Deuteronomy 15:2 (CSB)
2 This is how to cancel debt: Every creditor is to cancel what he has lent his neighbor. He is not to collect anything from his neighbor or brother, because the Lord’s release of debts has been proclaimed.
This passage is about the cancelling of debts after seven years. There are a few things to think about concerning this command.
- The command only applies to Israelites. Deuteronomy 15:3 confirms that collection of debts may continue when the debtor is a foreigner. Additionally, Deuteronomy 15:2 specifies that the cancellation applies to one’s “neighbor or brother.”
- Elimination of the poor seems to be, at least partially, the goal here. Deuteronomy 15:4 states specifically that “there will be no poor among you.” Certainly the elimination of debt every seven years would go some way towards that goal, and of course the obedience, and subsequent blessing of God, would likewise make it possible.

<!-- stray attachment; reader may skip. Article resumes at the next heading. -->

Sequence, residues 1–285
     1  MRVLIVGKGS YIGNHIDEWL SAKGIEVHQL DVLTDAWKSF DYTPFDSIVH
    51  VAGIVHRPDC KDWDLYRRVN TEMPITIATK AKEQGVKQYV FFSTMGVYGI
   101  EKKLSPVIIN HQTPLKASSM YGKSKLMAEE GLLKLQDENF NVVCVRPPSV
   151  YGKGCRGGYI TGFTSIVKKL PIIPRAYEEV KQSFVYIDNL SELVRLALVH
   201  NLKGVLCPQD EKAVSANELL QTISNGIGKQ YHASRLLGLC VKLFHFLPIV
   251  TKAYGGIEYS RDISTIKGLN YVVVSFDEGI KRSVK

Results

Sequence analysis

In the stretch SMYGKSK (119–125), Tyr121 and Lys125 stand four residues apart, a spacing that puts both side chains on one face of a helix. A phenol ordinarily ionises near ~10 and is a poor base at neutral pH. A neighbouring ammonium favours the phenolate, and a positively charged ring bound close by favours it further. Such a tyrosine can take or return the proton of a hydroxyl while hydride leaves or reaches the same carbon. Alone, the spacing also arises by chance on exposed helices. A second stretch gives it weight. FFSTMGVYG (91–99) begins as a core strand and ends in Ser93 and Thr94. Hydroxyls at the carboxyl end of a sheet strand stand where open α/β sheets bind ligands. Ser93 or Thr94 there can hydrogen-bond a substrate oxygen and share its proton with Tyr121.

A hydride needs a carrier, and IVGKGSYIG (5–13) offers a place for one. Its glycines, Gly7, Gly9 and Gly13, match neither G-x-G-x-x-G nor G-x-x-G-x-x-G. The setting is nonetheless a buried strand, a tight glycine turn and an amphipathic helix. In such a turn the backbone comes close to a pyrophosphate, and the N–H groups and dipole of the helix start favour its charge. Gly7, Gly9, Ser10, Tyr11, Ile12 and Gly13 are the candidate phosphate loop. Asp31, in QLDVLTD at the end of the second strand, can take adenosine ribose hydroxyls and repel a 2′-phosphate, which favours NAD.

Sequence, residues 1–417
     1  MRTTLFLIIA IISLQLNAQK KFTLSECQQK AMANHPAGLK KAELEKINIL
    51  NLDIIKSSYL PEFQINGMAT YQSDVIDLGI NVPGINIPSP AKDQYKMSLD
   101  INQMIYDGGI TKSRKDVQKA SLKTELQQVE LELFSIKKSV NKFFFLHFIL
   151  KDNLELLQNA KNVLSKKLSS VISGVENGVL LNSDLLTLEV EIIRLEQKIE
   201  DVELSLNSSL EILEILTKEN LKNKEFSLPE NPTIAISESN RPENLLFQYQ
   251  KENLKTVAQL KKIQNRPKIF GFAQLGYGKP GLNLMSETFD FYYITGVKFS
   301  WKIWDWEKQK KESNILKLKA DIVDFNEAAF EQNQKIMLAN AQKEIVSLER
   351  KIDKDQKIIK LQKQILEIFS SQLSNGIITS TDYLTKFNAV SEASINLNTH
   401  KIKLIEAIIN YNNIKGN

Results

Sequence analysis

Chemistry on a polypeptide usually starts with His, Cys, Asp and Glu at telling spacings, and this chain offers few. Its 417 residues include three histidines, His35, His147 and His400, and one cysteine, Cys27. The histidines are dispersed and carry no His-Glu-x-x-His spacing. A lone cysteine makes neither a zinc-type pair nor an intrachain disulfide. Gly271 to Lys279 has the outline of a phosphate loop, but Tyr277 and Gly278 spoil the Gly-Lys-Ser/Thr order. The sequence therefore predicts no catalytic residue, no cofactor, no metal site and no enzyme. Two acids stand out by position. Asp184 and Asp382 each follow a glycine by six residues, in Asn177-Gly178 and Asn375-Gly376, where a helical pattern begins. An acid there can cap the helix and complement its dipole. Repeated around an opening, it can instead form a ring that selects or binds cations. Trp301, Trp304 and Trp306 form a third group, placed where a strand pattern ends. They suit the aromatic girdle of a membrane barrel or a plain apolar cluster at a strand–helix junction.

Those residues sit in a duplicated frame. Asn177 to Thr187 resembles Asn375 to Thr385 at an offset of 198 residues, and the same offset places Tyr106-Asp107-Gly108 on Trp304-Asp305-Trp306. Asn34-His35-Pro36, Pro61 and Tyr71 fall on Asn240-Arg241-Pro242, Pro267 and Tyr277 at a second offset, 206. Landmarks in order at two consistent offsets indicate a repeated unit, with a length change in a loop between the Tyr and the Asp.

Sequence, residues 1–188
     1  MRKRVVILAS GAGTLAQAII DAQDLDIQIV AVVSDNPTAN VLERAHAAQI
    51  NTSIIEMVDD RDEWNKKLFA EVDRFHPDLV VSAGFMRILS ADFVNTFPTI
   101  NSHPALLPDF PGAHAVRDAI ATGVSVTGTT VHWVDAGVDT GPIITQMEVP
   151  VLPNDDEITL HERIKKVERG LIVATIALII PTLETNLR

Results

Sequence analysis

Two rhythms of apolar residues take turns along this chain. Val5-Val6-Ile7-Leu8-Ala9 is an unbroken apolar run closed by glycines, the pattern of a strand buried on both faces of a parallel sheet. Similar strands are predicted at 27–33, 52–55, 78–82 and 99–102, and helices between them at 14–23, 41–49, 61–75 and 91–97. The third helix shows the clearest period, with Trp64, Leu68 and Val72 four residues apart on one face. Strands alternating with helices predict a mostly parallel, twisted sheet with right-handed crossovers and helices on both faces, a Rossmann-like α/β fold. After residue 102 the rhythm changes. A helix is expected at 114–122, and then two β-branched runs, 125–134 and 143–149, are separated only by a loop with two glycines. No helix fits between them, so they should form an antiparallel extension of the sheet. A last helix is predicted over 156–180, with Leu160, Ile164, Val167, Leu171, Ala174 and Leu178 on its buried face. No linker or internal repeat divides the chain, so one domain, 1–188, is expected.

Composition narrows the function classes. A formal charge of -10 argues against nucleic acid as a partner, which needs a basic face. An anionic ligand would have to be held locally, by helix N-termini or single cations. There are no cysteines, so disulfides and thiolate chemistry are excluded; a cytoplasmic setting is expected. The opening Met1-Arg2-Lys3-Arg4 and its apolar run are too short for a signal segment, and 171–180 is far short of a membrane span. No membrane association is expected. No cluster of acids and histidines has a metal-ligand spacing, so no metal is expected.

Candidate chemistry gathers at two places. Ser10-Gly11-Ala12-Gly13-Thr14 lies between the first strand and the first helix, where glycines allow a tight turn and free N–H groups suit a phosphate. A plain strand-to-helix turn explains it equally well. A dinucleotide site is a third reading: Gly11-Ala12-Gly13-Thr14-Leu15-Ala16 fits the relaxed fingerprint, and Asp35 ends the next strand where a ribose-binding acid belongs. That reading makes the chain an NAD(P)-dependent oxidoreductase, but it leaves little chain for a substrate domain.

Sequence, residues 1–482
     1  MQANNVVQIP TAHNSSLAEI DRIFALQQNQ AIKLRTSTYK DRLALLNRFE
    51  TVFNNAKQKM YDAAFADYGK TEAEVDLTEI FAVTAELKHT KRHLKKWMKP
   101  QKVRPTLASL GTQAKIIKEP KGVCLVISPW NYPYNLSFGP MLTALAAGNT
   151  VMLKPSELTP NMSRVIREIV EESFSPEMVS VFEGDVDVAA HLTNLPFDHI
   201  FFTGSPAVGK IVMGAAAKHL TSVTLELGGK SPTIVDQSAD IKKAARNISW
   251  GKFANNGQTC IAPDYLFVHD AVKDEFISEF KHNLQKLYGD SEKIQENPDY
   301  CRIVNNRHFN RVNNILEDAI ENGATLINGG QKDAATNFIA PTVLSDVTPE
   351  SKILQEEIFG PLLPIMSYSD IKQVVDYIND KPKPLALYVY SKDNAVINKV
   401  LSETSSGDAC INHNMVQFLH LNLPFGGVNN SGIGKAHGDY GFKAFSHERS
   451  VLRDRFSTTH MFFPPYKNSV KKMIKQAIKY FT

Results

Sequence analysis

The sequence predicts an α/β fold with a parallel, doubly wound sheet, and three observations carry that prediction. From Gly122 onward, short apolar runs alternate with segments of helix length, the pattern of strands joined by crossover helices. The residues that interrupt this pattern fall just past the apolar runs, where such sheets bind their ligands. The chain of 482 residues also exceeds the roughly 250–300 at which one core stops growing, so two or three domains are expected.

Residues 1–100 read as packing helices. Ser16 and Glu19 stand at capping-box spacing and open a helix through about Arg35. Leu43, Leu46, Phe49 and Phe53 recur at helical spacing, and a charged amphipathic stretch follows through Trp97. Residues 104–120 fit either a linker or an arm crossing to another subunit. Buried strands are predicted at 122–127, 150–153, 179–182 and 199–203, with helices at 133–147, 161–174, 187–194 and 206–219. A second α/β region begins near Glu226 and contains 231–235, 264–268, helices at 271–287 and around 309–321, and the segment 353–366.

- Deuteronomy 15:6 suggests that debt allows the lender to “rule” over the debtor. Perhaps the cancellation of debts, at God’s command, is a reminder that He is our ruler, our King. It is a reminder to both the lender and debtor: the lender is reminded that they are not God, and the debtor is reminded of Who they truly belong.
- Perhaps this command is a way to practice generosity. Giving without the promise of a return.
- Maybe this command is a metaphor for God’s forgiveness of our debt. God is the ultimate “lender”, and all of us are in His debt, we owe Him. Yet He forgives our debt, and He does it immediately upon our becoming His child in Christ.
Lord, thank You for blessing us. Especially in the west we are blessed greatly. Yet too often I am ruled by money, rather than You. I pray for a return to the principles You gave us here: altruism, and, most importantly, obedience of You. Amen.